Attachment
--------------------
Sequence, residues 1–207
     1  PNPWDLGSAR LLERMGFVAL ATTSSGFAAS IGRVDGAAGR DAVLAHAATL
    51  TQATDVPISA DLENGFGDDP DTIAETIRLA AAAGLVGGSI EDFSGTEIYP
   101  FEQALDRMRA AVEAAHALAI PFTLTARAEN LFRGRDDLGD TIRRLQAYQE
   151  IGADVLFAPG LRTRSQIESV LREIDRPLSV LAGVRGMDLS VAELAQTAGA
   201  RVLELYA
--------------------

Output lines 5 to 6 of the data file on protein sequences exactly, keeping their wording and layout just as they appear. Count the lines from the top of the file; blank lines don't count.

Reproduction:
   151  IGADVLFAPG LRTRSQIESV LREIDRPLSV LAGVRGMDLS VAELAQTAGA
   201  RVLELYA